Why Do I get a Security Alert When Creating a Paper Tiger Online Account?

Sometimes a warning message is displayed when you visit a secure web site on an intranet. Often that's because of an issue with the "chain of trust." The warning messages displayed by browsers in this case are frightening and not that easy to understand. This article explains why the warning is displayed, when it is appropriate to continue to the site, and how to get past the warning if you decide to continue. See this document which was written for users of University of Washington intranets, but the principles and procedures are broadly applicable:

Another confirming article written by Indiana University is at

In our case, The Monticello Corporation for Paper Tiger-Digital Tiger Filing System Software for document management, the error has to do with the https:// url when creating an account and when signing into the app which gives the user an added layer of security. In addition, while we always encrypt login and billing pages, the user is free to choose whether or not they would like the entire application to use the secure connection from the Accounts tab after they have logged in.

When a web address starts with https:/ / instead of http:/ /, it's using SSL-the secure sockets layer  (or successor protocol TLS). That means two things:

  1. traffic between the site and your browser is encrypted
  2. the site has taken steps to certify its identity


It's all done using a certificate-a special file on the web server, presented to visiting web browsers, that contains a little bit of data about who it claims to be and why we should believe it. When you connect to a web server using secure SSL via https:// URLs, your web browser will attempt to verify the identity of the server. This doesn't mean that there is a security problem, just that the web browser can't verify the identity of the web server. Now, if you were connecting to your bank's web site and got this error, then something is probably amiss. But, if you are connecting so a smaller site or personal web server via https then this may be normal behavior.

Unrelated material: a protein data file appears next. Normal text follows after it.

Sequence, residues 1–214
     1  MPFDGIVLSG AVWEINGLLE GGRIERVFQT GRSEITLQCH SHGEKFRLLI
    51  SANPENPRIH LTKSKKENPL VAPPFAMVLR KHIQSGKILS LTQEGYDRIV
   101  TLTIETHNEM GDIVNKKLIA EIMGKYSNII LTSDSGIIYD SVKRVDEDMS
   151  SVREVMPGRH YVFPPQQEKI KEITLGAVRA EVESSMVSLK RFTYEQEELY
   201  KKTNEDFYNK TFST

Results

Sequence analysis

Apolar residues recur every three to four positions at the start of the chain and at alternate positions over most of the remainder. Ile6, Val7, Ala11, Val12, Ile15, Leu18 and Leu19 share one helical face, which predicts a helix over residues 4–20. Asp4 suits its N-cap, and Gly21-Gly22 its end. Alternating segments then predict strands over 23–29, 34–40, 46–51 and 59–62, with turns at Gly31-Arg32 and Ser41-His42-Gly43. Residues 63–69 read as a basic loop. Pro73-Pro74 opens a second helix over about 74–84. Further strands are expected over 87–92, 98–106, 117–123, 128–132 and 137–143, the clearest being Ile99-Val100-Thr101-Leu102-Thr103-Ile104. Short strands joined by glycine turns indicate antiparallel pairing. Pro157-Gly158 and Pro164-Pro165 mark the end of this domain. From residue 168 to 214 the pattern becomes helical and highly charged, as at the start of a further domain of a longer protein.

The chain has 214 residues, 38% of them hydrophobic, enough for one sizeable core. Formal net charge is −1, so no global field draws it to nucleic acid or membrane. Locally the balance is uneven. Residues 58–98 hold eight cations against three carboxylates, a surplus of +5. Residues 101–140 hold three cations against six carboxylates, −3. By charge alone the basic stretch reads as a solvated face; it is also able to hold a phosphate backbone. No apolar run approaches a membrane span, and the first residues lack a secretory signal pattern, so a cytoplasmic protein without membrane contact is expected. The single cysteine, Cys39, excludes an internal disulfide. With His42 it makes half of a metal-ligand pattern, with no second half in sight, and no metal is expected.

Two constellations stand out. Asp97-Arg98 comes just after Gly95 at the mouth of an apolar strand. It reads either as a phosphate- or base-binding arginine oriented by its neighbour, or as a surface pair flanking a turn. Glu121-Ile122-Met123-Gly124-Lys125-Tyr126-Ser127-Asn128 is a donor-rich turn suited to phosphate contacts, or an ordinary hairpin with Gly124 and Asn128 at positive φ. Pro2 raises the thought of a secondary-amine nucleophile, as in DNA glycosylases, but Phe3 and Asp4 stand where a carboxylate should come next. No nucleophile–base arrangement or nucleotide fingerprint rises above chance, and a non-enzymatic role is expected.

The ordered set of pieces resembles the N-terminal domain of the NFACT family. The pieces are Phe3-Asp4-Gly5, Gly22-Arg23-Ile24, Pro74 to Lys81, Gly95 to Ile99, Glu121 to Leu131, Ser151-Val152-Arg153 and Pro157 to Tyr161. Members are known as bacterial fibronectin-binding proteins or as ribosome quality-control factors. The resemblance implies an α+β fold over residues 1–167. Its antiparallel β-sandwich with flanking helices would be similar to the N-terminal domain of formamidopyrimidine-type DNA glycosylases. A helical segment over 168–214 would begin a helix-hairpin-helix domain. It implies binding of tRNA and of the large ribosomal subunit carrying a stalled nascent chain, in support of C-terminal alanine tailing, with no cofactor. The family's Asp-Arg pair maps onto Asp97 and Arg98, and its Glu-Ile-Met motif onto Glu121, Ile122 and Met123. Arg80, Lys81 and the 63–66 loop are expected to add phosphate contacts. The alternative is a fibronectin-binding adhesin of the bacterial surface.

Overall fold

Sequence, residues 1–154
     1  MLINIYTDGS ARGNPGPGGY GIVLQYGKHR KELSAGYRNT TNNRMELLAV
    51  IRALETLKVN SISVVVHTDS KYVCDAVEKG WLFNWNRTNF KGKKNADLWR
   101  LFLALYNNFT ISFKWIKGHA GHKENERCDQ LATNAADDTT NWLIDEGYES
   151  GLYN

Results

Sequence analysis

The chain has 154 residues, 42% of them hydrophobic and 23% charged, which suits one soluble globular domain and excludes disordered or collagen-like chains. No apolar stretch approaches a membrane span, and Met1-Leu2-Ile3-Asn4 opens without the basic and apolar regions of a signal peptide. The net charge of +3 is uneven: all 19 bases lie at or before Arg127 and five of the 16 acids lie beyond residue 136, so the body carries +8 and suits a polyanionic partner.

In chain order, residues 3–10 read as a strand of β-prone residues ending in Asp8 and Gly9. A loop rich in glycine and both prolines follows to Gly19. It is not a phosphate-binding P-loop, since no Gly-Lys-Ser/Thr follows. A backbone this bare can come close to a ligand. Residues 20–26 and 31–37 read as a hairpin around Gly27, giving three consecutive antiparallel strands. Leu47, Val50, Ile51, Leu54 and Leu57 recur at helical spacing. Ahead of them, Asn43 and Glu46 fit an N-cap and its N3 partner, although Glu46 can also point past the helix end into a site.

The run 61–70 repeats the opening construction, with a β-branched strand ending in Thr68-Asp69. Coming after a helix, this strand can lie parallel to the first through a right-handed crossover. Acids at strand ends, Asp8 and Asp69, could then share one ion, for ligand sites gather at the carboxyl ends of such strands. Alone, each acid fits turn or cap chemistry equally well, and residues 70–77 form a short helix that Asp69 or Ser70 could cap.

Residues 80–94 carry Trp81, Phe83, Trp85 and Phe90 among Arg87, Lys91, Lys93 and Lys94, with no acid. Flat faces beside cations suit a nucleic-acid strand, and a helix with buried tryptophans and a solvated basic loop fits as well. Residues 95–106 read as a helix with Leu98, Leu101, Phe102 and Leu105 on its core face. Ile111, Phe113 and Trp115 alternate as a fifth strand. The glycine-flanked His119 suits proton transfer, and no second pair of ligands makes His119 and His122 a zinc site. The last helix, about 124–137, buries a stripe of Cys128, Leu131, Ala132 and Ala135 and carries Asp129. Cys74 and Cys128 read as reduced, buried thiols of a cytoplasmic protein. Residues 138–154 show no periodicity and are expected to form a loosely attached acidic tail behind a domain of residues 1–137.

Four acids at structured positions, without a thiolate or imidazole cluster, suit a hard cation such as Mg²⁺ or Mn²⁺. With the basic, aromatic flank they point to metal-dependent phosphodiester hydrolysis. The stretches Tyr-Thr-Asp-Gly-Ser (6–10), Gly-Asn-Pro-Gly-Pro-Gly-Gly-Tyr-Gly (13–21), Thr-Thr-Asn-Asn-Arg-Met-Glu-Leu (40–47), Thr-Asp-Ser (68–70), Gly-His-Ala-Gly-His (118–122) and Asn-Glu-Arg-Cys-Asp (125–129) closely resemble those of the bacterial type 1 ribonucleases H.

How can I tell if I have a secure connection?

In Internet Explorer, you will see a lock icon in the Security Status bar. lock.png

The Security Status bar is located on the right side of the Address bar.

The certificate that is used to encrypt the connection also contains information about the identity of the website owner or organization. You can click the lock to view the identity of the website. 


The error's might look something like the following depending on your internet browser.


When this happens with firefox, you will get an error message like the following:



This is normal and in order to continue you should do the following:

  1. Click on the link at the bottom of the error page that says "Or you can add an exception...".
  2. Click on "Add Exception..."
  3. Click on "Get Certificate"
  4. Verify that the "Permanently store this exception" box is checked
  5. Click on "Confirm Security Exception"

When this happens with IE, you will get an error message like the following:



This is normal and in order to continue you can just click on "Continue to this website (not recommended)". If you want to prevent this error from happening each
time you use IE, you can do the following to add a permanent exception

  1. Click on the box to the right of the web address, which has "Certificate Error" in it.
  2. In the Untrusted Certificate box, click on View Certificates at the bottom.
  3. Click on the General tab and then click on Install Certificate
  4. At the Welcome to the Certificate Import Wizard, click Next
  5. With "Automatically select the certificate store based on the type of certificate" selected, click Next
  6. At the "Completing the Certificate Import Wizard" click Finish.
  7. You should see the Certificate Import Box, which should say "The import was successful". Click OK.
  8. Click OK to clear the Certificate Import Wizard.

The Monticello Corporation's Certificate Information

From Internet Explorer, the certificate will look like this:



In Firefox, it will look like this: 


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